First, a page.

The Art of Dwindling: Goddess Dressing

Here we go everyone. . . pre-Passover kitchen cleansing anticipation that begins to pulse in the coming weeks before Passover.

Before the kitchen cleansing kicks into higher gear however,  we are invited into another preparatory practice: The art of the dwindle.

Dwindling is the using up of staples and dry goods, as well as dialing down on items like that Costco 2 pack of Cheerios.

Growing up in my household, we’d actually just move most of our non-Passover food stash into the basement and cover it all up with blankets. Yet there is something this year in my own household that is mysteriously drawing me into the art of dwindling vs. the stash and hide approach.

Dwindling calls us to be creative, to dig through and pool together those ingredients that will be making a disappearing act next month. To merge staples with fresh flavor and use them up in delicious ways. To prepare before the preparing even begins.


And the first Dwindle Recipe of the Pre-Passover season: Goddess Dressing.

Tangy, creamy, and a great salad or sweet potato topper, Goddess Dressing hits all the notes and offers that satiety to a veggie forward bowl. Better yet. the lettuce, radishes and asparagus that will soon be popping up at the farmer’s markets go great with this.

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Goddess Dressing
Makes about 2 cups
1 cup mayo or vegan mayo
1/2 cup tahini
1/4 cup water, divided
1 bunch cilantro
1 clove garlic
1 Tablespoon coconut aminos, liquid aminos or Tamari
1 Tablespoon Worcestershire sauce

Combine all ingredients with 2 tablespoons of the water
in a food processor until smooth. 
Scrape down the sides and blend again.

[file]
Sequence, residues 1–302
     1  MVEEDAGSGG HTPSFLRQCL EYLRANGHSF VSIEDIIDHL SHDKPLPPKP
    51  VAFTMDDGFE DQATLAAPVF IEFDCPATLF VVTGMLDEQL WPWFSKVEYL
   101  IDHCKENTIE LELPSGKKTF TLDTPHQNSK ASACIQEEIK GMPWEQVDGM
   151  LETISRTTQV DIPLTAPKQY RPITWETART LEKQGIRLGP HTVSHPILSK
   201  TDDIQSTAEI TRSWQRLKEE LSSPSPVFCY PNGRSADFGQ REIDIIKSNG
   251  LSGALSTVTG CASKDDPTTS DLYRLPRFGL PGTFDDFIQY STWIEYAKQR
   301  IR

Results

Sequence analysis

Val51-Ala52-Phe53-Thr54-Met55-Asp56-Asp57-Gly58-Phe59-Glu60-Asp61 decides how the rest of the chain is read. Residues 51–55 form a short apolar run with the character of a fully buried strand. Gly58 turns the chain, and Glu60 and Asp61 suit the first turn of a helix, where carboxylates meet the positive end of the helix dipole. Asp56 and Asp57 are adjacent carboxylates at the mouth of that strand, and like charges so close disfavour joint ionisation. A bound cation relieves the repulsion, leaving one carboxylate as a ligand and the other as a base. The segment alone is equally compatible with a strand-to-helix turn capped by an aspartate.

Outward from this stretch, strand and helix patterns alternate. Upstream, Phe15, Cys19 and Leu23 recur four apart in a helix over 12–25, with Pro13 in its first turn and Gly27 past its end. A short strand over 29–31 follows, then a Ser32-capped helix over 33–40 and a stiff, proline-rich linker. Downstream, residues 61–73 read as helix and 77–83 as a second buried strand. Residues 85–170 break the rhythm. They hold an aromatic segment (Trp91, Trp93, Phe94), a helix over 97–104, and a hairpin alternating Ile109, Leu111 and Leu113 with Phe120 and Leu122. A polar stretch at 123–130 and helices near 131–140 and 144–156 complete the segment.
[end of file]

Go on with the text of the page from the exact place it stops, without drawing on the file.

Add more water for desired consistency. 
Will thicken overnight.  

Bridging Time as an Awareness Practice

As I get older life gets faster and fuzzier. The practice of bridging time as a way to provide context and meaning to the in-between big life moments has felt very important to me. As  Mickie Simon and I chatted about in the creating space for joy Purple Honey conversation, it is often in the granular daily moments where we can connect to joy.

Bridging time is an awareness practice, and does not require a sitting, a meditation or even breath work (although all are great compliments!).

Jewish cycles have built in time connections that, when we tap into these, can feel grounding and help us move through life with a sense of anticipation and meaning. So,  I look to Jewish Time (moon practice, weekly practices, daily practices, blessings/transcending time, life cycles, etc.) to guide me on this journey.


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Photo by Pixabay on

Most recently, I adopted the Practice of Bridging Time through reading Alan Lew’s book “This is Real and You are Completely Unprepared,” a journey through the lead up into the Jewish New Year. After three years of tapping into the wisdom of this guidebook, using its resources for soulful reflection (Cheshbon Hanefesh), and incrementally reflecting through the lead up into the New Year, that particular time of year has opened up into something new and fresh for me.

ALLLL of this to say. . .  as Passover is slowly approaching and will be quickly here (5 weeks away!) we have another opportunity to practice bridging time…this time through the act of the physical cleaning of our kitchen space and during Passover, the physical cleansing of our GI tracts.

It is also in this Passover lead up time that spring can be felt (although, let’s turn up the warmth by like 10 degrees please), it is lighter, daffodils are emerging and birds are singing.

So as we hold all of this, a Bridge of Time can be formed through our own actions.  In the coming weeks, I’ll be posting some Bridging Time Practices:

-Food and Recipes to dwindle what's in the fridge
-Physical Clearing Rituals to create space
-Body Ritual
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Photo by Anthony DeRosa on


In the meantime, Happy Spring and

Be Well!